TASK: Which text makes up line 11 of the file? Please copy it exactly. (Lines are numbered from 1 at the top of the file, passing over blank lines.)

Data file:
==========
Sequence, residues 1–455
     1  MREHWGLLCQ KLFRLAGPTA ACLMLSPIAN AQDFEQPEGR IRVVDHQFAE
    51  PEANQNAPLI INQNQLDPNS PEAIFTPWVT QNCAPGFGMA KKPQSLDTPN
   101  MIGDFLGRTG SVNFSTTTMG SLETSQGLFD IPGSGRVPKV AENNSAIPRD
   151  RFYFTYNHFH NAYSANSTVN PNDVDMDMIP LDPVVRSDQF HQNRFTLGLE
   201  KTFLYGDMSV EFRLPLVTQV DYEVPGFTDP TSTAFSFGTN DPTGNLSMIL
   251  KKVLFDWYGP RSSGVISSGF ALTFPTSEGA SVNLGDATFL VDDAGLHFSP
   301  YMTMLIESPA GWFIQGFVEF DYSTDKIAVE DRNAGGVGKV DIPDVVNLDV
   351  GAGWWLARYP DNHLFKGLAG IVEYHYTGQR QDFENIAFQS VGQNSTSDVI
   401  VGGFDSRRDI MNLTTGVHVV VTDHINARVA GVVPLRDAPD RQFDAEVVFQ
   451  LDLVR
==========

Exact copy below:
   451  LDLVR